Snip buttons off any clothes headed for the rag-bag, and you’ll soon start to amass a collection.
(If you’ve got a sizeable collection of buttons, take a look here for ideas of things to make with them.)
How To Sew On A Button
Before we get started, this tutorial applies to a two-hole button. If you’ve got four holes, or a shank (the kind of button with a little loop on the back), the process is a little different.
In general, though, it’s very similar. You need several strands of thread passing through the button and the fabric to hold everything firmly in place.
1. Thread your needle with a doubled length of thread.
Here’s a quick video on how to do that.
Cut the thread to about the length of your outstretched arms, and then pull it through the needle so that both ends are the same length.
This gives you a doubled length of thread that’s long enough to sew on the button, but not so long that it tangles all the time.
2. Tie a knot in the end.
Wrap the end of the doubled thread around the tip of your finger, and then use the needle to pull the thread through the loop a couple of times.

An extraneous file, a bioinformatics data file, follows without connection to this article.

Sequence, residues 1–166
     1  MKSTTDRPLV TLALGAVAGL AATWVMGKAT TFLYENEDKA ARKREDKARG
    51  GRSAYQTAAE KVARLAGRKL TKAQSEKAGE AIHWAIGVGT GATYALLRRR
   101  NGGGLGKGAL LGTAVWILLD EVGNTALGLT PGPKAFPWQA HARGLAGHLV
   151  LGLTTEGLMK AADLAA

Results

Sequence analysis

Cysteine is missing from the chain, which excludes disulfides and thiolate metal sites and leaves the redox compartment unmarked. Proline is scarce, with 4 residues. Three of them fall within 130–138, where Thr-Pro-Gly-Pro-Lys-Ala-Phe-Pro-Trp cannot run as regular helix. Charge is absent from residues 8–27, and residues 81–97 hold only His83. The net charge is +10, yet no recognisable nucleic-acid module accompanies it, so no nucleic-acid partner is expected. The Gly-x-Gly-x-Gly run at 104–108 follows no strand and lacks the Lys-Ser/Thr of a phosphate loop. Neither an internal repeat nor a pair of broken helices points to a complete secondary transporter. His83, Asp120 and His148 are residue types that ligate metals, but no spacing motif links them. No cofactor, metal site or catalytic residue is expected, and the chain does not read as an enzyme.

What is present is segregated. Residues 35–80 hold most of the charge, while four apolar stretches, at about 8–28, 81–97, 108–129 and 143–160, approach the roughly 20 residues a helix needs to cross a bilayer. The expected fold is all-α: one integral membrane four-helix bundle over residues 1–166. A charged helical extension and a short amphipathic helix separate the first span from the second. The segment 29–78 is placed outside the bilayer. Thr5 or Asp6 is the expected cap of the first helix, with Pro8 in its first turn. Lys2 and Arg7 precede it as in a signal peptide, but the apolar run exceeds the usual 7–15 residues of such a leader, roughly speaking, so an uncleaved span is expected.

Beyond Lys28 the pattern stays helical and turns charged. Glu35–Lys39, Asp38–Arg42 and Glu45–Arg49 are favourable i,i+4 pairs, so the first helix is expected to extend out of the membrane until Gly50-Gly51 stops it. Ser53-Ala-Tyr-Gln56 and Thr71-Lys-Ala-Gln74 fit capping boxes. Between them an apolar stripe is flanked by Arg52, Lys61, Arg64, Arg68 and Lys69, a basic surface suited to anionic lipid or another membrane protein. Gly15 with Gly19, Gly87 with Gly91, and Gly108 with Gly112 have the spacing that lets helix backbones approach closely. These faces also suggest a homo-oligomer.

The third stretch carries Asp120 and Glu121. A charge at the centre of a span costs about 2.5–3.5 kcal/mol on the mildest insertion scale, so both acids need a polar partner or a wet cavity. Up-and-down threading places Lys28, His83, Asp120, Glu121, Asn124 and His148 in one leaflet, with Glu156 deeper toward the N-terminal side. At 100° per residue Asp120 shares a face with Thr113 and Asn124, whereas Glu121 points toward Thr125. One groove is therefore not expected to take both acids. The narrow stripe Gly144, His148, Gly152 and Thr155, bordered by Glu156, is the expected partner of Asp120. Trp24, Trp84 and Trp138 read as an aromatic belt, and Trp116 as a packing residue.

Pull the thread tight, gently, and then slide the loop off your finger and tighten the knot fully.
3. Figure out where the button needs to go.
You can usually see telltale threads where the old button fell off, or needle-marks in the fabric.
If not, button up the whole garment, and then use a fine pen to make a mark through the buttonhole, on the fabric where the button needs to be sewn.
4. Bring the needle up through the fabric, ready to sew.
Start from the wrong side of the fabric and poke the needle through so that it comes out right where the button needs to go.
5. Thread the button onto the needle, and then pull the thread completely through.
You want the knot to sit snugly at the back of the fabric, right behind the button.
The button should sit snugly on the front of the fabric.
6. Poke the needle down through the other hole on the button, and through the fabric, bringing it out at the back, right next to the knot.
Take some time here to get the thread pulled firmly through, and the button sitting just how you want it.